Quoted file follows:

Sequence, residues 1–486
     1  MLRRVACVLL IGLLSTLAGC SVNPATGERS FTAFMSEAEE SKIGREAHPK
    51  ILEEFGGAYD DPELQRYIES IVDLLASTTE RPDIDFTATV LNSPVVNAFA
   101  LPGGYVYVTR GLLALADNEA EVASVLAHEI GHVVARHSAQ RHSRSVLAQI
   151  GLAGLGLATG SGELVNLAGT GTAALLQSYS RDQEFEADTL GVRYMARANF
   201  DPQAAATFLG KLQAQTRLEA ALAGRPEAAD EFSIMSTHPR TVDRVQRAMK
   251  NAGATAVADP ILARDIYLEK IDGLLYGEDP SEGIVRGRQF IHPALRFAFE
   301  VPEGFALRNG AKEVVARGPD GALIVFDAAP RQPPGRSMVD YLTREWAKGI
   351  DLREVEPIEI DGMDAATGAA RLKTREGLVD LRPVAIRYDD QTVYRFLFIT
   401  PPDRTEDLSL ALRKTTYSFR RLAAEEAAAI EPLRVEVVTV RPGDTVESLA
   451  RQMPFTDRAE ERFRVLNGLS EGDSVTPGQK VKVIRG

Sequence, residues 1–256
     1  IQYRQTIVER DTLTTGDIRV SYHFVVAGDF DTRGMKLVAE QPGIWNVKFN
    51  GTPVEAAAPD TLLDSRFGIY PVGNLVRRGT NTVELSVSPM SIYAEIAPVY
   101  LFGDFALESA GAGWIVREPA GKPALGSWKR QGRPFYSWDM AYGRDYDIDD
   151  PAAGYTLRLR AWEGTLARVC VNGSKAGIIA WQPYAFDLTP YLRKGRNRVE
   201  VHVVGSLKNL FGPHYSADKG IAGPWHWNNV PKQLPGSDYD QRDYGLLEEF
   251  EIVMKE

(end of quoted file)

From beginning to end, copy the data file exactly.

Sequence, residues 1–486
     1  MLRRVACVLL IGLLSTLAGC SVNPATGERS FTAFMSEAEE SKIGREAHPK
    51  ILEEFGGAYD DPELQRYIES IVDLLASTTE RPDIDFTATV LNSPVVNAFA
   101  LPGGYVYVTR GLLALADNEA EVASVLAHEI GHVVARHSAQ RHSRSVLAQI
   151  GLAGLGLATG SGELVNLAGT GTAALLQSYS RDQEFEADTL GVRYMARANF
   201  DPQAAATFLG KLQAQTRLEA ALAGRPEAAD EFSIMSTHPR TVDRVQRAMK
   251  NAGATAVADP ILARDIYLEK IDGLLYGEDP SEGIVRGRQF IHPALRFAFE
   301  VPEGFALRNG AKEVVARGPD GALIVFDAAP RQPPGRSMVD YLTREWAKGI
   351  DLREVEPIEI DGMDAATGAA RLKTREGLVD LRPVAIRYDD QTVYRFLFIT
   401  PPDRTEDLSL ALRKTTYSFR RLAAEEAAAI EPLRVEVVTV RPGDTVESLA
   451  RQMPFTDRAE ERFRVLNGLS EGDSVTPGQK VKVIRG

Sequence, residues 1–256
     1  IQYRQTIVER DTLTTGDIRV SYHFVVAGDF DTRGMKLVAE QPGIWNVKFN
    51  GTPVEAAAPD TLLDSRFGIY PVGNLVRRGT NTVELSVSPM SIYAEIAPVY
   101  LFGDFALESA GAGWIVREPA GKPALGSWKR QGRPFYSWDM AYGRDYDIDD
   151  PAAGYTLRLR AWEGTLARVC VNGSKAGIIA WQPYAFDLTP YLRKGRNRVE
   201  VHVVGSLKNL FGPHYSADKG IAGPWHWNNV PKQLPGSDYD QRDYGLLEEF
   251  EIVMKE